Thanks to years of working in circles focused on gender-based employment discrimination and barriers to women’s success in the workplace, I’m very familiar with the glass, or brass in the military world, ceiling. Women have a harder time breaking into leading roles in the workplace than men do, and there are all sorts of excuses for it, but what the problem boils down to is sexism. Women are not taken seriously, they are faced with more obstacles when working up the career ladder, and they’re constantly judged as women first and workers second, which means they have to work twice as hard to prove themselves, especially in male-dominated industries.
Men’s rights activists, though, have started floating the idea of the ‘glass cellar,’ arguing that men are stuck with the more dangerous, dirty, and low paid jobs. It’s a curious assertion to me, because it speaks so clearly to some very narrow ideas about work and employment. Some of the most dangerous jobs in the United States according to official statistics include fishing, logging, truck driving, garbage and refuse collection, heavy construction work, mining, farming, and roofing. These are very male-dominated industries, and I will freely admit that.
That said, some of them also pay well, thanks to hard work on the part of unions, and they come with benefits. These are dirty and dangerous jobs, but they are not always low paid, and it’s not fair to characterise them as such. This may be isolating, lonely, and sometimes harsh work, but don’t pretend it universally doesn’t pay well.
And don’t sweepingly ignore women workers, either. Immigrant men and women labour in the fields of the United States, a key part of the farming industry. Their work is extremely dirty and dangerous, and it’s actually very low paid. They don’t have access to benefits and other support systems, and run the risk of deportation and having their families split apart in many cases. They’re exploited because of their perceived inability to fight back in a system that favours citizens and legal residents.
For that matter, who’s the predominant gender employed in housekeeping and personal care work? Women. And this work is also dangerous. Housekeepers and personal care attendants have a very high rate of on the job injury because their jobs involve repetitive motion, lifting heavy objects, and handling very long, hard workdays. In the case of housekeepers, there’s pressure to work as fast as possible at any cost, and that translates into shockingly high injury rates. Again, these women are underpaid and exploited, with few workplace protections.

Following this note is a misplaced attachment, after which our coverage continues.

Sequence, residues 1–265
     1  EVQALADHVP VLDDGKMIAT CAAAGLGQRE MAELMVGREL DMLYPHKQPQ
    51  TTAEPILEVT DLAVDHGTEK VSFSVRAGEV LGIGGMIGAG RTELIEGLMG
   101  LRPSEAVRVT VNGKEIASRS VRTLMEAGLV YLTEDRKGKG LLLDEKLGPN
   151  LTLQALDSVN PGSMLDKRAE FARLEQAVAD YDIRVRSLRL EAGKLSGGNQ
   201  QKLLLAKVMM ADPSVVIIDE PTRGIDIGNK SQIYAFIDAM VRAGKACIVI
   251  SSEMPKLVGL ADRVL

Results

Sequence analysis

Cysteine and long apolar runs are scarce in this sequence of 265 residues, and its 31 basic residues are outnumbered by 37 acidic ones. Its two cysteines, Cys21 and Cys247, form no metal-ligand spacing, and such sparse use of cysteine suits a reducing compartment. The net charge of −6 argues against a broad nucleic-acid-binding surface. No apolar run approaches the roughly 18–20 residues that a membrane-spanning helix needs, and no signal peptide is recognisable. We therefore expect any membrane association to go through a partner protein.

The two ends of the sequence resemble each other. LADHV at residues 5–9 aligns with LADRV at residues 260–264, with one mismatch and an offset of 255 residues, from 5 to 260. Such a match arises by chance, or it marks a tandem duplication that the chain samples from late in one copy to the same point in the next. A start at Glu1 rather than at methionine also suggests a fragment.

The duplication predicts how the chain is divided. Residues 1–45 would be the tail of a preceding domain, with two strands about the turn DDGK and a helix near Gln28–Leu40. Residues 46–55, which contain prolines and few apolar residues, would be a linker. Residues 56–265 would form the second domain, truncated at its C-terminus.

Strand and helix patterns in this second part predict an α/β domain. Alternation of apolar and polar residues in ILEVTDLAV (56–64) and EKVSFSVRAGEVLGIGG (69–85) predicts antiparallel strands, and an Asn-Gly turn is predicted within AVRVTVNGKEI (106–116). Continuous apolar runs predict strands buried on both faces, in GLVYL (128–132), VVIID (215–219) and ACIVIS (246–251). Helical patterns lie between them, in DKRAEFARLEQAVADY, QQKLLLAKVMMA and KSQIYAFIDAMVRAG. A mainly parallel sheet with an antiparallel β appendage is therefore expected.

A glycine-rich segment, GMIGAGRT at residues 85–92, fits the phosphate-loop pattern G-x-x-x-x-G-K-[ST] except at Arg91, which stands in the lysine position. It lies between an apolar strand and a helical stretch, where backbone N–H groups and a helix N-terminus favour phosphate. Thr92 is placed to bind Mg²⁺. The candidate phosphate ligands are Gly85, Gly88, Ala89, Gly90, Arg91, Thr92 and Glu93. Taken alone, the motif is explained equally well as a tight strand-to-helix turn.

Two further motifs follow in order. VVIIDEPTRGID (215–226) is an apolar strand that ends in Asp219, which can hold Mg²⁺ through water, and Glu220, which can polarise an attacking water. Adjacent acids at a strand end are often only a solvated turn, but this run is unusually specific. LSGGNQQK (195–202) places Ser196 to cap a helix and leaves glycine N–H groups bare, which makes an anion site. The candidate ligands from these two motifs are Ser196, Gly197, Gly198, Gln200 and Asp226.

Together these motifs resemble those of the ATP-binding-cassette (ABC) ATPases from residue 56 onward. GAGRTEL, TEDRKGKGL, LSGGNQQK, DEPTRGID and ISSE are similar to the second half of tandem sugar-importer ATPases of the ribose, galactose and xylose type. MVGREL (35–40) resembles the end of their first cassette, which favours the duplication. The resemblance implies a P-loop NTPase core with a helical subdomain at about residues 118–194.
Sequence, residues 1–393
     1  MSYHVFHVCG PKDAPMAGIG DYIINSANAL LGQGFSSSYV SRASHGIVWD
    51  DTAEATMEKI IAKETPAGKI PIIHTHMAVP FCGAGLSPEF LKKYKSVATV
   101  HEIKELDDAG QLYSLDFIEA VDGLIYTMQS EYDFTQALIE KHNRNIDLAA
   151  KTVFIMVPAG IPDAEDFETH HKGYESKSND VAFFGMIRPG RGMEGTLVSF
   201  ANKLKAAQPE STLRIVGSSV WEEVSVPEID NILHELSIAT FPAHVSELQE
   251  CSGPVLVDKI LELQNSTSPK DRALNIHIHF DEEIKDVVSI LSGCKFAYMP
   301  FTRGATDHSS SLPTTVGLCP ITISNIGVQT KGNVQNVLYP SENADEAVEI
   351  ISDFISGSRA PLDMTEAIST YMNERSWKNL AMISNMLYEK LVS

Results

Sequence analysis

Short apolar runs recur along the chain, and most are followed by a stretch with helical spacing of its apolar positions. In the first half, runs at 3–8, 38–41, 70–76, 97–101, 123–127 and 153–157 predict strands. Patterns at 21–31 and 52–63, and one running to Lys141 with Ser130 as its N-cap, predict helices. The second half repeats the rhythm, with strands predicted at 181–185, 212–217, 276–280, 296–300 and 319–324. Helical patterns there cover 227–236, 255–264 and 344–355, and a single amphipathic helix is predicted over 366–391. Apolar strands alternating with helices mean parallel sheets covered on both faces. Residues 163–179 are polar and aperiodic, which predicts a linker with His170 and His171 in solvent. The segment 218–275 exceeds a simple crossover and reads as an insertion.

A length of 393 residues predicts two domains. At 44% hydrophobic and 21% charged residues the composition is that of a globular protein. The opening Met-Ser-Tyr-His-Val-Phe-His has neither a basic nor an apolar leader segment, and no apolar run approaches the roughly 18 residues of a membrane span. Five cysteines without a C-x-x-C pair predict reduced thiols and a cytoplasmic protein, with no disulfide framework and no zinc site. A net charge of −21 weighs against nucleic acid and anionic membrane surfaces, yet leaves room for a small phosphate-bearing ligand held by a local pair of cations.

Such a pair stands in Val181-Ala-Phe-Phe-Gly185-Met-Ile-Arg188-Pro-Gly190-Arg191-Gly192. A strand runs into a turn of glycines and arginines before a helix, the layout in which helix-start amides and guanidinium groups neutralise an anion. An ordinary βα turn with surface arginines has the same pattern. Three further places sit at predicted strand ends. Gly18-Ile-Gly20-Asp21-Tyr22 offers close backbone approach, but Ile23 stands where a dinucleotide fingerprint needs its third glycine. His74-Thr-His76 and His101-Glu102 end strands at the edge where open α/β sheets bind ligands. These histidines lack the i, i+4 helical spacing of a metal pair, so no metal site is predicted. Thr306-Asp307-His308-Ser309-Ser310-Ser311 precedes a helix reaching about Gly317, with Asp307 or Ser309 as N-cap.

And the concept of the glass cellar has another glaring hole: sex work. women make up the majority of sex workers, and their work is extremely dangerous and dirty. Many are also very low paid, struggling to survive in an industry that can be highly exploitative. Since sex work is largely illegal across the United States, there aren’t any neat employment statistics available for review, information to point to when discussing the dangers of sex work, but based on the work of advocacy organisations, data submitted by sex workers themselves, and formal studies, it’s been well-established that this is not easy or safe work.
Sex workers run the risk of being raped, beaten, and murdered on the job. They are at risk of exploitation and abuse because of the illegal nature of their work, which makes it difficult for them to report crimes and get meaningful action on their reports. They’re a vulnerable population because society has made them one, and one reason sex work is so devalued and marginalised is because of the large number of women workers involved. Hard and fast employment protections would be in place for an industry like this that was dominated by men, while sex workers are treated as disposable because they are women.
Tell me again that men are shunted off into all the most dangerous, dirty, and low paid work.
There is no glass cellar. There is exploitation of people in low paid jobs, and it happens to people of both genders, and it is brutal and gross and violent. It’s heavily racialised, and also preys on class stratifications; the low-income person who’s enticed into a job with the promise of making enough to support a family, for example. And then there are dangerous, hard, and necessary jobs that rightly provide fair pay and benefits to their workers; and many of those, it’s notable, are populated largely by men. Some of these jobs are in need of reform and closer government oversight, but that doesn’t mean they’re some kind of marginalised trap for men that puts them in an inherently unequal social position.
Pilots are heralded as heroes and role models even though their jobs are also dangerous, and only six percent of pilots are women, according to the FAA. Meanwhile, sex workers, housekeepers, and the people picking your oranges are ignored even though they’re a critically necessary part of society, filling an important need that goes ignored because their labour is considered ‘women’s work’ and therefore not worthy of attention. Their careers aren’t aspirational.
It’s telling that men are attempting to coopt language developed by women to discuss their own experiences and discrimination in the workplace; this suggests to me that conversations about the glass ceiling are cutting close to home and men want to devalue them, head them off at the pass, avoid confronting them. So they coin a new term to deflect; ‘what about the men?’ they ask, refusing to acknowledge the women they are trampling in the process.